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Socially distant: How our divided social networks explain our politics

Socially distant: How our divided social networks explain our politics

In the midst of a heated presidential election, health pandemic, and social unrest, it is more important than ever to understand how our personal attributes and identities shape our thinking and influence our behavior. The American National Social Network Survey helps us understand how our core social networks exert a powerful influence over what we do, what we believe, and what we know.…

Recent Commentary

Daniel A. Cox
November 19, 2020

The 2020 election was a perfect example of the weaknesses — and strengths — of political polls

For those of us interested in understanding the world, polling offers an incredibly useful and cost-effective tool. It’s critical that we get it right.

Daniel A. Cox, Brent Orrell
October 26, 2020

What’s going on with Republican women?

It is easy to discount QAnon—but the reality is it is quickly emerging from the shadows into a full-blown political movement that periodically receives the passive, and at times, active support of the president of the United States.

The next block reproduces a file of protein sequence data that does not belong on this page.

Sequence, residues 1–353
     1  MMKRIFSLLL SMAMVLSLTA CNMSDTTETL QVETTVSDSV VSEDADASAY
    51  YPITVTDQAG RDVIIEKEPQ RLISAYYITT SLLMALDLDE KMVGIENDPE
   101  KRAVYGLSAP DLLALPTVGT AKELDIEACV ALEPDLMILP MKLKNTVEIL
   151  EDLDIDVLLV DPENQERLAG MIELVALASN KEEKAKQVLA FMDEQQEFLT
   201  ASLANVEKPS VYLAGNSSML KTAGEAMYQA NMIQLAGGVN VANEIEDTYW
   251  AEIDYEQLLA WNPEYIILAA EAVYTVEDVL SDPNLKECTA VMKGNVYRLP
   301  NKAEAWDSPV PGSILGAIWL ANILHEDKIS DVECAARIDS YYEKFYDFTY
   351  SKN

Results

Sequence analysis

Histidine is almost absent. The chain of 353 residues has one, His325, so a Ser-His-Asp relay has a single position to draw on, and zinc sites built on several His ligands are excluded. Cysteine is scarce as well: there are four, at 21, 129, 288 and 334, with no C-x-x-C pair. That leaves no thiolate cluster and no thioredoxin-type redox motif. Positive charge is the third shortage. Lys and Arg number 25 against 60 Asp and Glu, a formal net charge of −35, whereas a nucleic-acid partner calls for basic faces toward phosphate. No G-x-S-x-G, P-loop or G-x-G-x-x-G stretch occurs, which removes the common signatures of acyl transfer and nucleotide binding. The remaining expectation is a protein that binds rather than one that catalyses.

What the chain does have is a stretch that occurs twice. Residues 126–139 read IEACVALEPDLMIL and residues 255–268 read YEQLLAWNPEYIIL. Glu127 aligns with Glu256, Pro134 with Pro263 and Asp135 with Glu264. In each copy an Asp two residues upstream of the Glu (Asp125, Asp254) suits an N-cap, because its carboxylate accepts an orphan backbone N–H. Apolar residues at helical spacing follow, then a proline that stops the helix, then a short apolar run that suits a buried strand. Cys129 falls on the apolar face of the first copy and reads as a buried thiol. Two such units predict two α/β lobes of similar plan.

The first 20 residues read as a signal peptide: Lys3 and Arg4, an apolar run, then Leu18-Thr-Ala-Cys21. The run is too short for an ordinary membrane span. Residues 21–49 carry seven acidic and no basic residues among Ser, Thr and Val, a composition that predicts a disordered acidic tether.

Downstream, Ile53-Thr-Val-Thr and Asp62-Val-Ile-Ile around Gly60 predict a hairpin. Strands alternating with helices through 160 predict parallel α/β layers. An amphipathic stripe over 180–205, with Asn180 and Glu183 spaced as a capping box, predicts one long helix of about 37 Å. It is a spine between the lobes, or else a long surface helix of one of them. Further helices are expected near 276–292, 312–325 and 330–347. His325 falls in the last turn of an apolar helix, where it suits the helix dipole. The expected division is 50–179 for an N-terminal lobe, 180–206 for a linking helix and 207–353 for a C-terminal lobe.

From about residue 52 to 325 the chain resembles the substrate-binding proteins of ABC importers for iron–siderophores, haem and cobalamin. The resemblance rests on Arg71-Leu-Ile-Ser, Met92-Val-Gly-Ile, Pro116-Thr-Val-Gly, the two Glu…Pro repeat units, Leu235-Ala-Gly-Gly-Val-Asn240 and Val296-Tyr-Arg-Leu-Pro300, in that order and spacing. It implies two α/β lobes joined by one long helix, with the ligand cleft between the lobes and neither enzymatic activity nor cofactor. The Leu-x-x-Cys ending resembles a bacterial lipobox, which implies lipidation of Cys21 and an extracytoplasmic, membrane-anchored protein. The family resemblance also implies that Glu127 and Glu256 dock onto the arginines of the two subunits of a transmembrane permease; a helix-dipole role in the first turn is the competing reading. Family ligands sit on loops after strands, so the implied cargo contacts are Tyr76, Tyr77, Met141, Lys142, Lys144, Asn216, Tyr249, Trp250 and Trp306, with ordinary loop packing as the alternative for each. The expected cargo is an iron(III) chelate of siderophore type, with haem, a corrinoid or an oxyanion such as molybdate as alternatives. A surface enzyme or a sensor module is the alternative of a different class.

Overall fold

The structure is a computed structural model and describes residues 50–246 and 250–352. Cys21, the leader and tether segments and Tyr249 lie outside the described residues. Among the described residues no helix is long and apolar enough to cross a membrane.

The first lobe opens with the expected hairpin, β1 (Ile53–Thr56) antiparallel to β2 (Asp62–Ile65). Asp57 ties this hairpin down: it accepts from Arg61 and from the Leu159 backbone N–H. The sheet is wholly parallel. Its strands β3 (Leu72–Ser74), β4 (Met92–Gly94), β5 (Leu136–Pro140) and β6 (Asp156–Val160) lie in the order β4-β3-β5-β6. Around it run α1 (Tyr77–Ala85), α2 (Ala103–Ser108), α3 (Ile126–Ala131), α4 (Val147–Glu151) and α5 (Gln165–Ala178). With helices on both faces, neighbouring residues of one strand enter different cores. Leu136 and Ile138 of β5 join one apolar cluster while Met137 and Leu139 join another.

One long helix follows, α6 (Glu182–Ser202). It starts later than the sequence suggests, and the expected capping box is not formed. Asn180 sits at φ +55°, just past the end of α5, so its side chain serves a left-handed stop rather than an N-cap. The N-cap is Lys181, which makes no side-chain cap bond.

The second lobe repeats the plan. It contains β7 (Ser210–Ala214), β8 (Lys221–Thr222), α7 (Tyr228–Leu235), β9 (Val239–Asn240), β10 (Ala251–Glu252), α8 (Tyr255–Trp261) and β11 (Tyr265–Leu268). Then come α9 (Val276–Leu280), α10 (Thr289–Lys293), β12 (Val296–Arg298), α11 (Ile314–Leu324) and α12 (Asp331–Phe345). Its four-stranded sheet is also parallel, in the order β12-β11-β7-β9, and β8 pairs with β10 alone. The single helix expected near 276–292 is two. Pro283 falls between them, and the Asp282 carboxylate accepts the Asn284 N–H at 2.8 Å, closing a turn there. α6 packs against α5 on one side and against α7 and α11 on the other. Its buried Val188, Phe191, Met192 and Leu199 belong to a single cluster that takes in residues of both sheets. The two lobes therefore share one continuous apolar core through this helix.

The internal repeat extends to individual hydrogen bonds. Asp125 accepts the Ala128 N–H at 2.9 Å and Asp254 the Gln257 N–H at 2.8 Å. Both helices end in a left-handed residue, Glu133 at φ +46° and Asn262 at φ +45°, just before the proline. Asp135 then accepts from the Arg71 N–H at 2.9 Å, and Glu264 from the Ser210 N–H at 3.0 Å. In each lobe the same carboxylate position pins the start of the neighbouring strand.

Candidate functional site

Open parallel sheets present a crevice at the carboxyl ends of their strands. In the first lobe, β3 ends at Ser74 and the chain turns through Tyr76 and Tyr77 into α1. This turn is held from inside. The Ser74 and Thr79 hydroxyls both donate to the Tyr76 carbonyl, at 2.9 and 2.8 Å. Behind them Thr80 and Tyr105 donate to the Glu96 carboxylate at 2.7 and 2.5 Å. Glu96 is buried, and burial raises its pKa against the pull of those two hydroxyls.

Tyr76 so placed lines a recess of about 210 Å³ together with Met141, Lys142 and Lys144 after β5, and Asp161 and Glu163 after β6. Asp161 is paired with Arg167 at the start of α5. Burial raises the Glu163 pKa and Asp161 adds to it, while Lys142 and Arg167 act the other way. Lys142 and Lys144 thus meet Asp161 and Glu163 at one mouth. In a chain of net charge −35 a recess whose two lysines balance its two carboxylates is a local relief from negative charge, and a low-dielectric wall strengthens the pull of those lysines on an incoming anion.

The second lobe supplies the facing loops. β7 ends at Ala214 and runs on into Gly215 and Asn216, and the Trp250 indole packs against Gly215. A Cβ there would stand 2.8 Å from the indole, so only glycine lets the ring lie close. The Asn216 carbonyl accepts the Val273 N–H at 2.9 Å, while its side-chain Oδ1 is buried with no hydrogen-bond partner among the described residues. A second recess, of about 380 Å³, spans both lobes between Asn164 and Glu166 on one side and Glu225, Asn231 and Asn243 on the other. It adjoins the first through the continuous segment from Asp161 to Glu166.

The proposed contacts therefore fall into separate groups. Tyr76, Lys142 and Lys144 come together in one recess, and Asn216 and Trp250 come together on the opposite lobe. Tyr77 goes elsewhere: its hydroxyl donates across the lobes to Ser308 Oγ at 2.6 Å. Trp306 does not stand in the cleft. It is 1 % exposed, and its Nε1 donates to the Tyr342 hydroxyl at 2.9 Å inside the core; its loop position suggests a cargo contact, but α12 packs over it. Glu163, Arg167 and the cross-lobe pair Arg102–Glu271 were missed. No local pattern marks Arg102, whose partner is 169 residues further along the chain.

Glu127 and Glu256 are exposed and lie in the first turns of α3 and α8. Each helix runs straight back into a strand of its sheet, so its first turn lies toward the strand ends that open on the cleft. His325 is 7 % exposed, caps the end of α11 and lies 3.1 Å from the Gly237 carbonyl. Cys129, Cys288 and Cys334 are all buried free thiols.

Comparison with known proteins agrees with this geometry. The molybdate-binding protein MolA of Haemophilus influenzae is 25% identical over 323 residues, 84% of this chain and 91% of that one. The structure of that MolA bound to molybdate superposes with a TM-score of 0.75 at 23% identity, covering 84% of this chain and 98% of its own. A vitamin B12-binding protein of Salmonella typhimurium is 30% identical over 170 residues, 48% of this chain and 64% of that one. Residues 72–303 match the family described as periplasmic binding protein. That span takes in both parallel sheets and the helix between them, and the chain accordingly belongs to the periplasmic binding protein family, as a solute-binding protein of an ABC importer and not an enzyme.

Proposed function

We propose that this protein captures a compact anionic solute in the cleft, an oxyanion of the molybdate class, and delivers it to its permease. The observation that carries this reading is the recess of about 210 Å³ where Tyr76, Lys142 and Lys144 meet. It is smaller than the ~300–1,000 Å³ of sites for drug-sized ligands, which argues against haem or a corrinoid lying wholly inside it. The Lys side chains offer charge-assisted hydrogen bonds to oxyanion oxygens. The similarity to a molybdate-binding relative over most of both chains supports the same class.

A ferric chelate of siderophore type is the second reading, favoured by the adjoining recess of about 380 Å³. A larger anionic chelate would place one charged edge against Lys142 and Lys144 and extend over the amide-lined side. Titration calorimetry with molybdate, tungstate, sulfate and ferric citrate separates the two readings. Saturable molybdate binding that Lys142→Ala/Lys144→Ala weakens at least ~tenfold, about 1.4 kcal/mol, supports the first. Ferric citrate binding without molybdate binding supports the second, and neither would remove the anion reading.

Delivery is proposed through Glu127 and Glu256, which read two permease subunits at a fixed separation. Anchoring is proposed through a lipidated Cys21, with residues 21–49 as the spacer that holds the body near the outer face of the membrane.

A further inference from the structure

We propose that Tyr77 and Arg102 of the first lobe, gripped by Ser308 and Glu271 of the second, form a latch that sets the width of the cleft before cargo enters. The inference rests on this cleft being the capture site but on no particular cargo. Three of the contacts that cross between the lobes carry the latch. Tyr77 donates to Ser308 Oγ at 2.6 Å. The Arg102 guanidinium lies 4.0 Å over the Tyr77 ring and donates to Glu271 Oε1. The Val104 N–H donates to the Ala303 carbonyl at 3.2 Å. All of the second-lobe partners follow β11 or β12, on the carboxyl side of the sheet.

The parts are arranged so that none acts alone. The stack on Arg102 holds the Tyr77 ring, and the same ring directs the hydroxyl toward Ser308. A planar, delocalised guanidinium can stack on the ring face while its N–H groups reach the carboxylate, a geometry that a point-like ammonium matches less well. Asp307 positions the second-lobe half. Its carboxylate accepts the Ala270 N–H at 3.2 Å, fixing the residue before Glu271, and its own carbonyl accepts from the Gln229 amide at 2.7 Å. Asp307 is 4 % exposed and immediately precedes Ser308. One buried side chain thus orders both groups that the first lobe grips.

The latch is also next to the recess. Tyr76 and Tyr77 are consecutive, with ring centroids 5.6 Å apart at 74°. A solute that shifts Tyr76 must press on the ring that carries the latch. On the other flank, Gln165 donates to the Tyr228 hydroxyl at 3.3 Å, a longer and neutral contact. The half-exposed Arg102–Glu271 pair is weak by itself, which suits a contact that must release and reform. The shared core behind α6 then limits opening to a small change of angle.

Daniel A. Cox
October 25, 2020

Biden’s ‘seize the center’ campaign strategy may just deliver him the White House

If Biden is able to capitalize on the current set of circumstances presented by an unpopular incumbent, he may show the efficacy of persuasion-based tactics simply by demonstrating that there are more persuadable voters than many of us think.

Daniel A. Cox, Amelia Thomson-DeVeaux
September 17, 2020

More and more Americans aren’t religious. Why are Democrats ignoring these voters?

Often lost in this, though, is the fact that Democrats are mostly ignoring a massive group of voters who are becoming an increasingly crucial part of their base: people who don’t have any religion at all.